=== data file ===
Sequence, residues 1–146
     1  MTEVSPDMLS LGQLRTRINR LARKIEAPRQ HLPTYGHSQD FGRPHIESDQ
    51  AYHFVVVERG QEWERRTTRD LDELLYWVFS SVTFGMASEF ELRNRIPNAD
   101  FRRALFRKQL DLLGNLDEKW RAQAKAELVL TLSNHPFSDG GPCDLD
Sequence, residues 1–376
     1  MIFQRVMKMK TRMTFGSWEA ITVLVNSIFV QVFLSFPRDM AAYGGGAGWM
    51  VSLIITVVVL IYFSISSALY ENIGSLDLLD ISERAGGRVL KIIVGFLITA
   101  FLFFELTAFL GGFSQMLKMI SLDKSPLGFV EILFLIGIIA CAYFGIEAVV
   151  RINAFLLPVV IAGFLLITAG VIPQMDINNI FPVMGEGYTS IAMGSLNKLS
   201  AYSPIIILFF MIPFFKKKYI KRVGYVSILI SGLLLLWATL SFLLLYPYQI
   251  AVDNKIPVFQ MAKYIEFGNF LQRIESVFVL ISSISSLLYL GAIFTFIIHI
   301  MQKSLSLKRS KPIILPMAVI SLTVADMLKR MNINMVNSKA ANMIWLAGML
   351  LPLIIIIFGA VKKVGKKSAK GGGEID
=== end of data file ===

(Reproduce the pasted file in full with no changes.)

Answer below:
Sequence, residues 1–146
     1  MTEVSPDMLS LGQLRTRINR LARKIEAPRQ HLPTYGHSQD FGRPHIESDQ
    51  AYHFVVVERG QEWERRTTRD LDELLYWVFS SVTFGMASEF ELRNRIPNAD
   101  FRRALFRKQL DLLGNLDEKW RAQAKAELVL TLSNHPFSDG GPCDLD
Sequence, residues 1–376
     1  MIFQRVMKMK TRMTFGSWEA ITVLVNSIFV QVFLSFPRDM AAYGGGAGWM
    51  VSLIITVVVL IYFSISSALY ENIGSLDLLD ISERAGGRVL KIIVGFLITA
   101  FLFFELTAFL GGFSQMLKMI SLDKSPLGFV EILFLIGIIA CAYFGIEAVV
   151  RINAFLLPVV IAGFLLITAG VIPQMDINNI FPVMGEGYTS IAMGSLNKLS
   201  AYSPIIILFF MIPFFKKKYI KRVGYVSILI SGLLLLWATL SFLLLYPYQI
   251  AVDNKIPVFQ MAKYIEFGNF LQRIESVFVL ISSISSLLYL GAIFTFIIHI
   301  MQKSLSLKRS KPIILPMAVI SLTVADMLKR MNINMVNSKA ANMIWLAGML
   351  LPLIIIIFGA VKKVGKKSAK GGGEID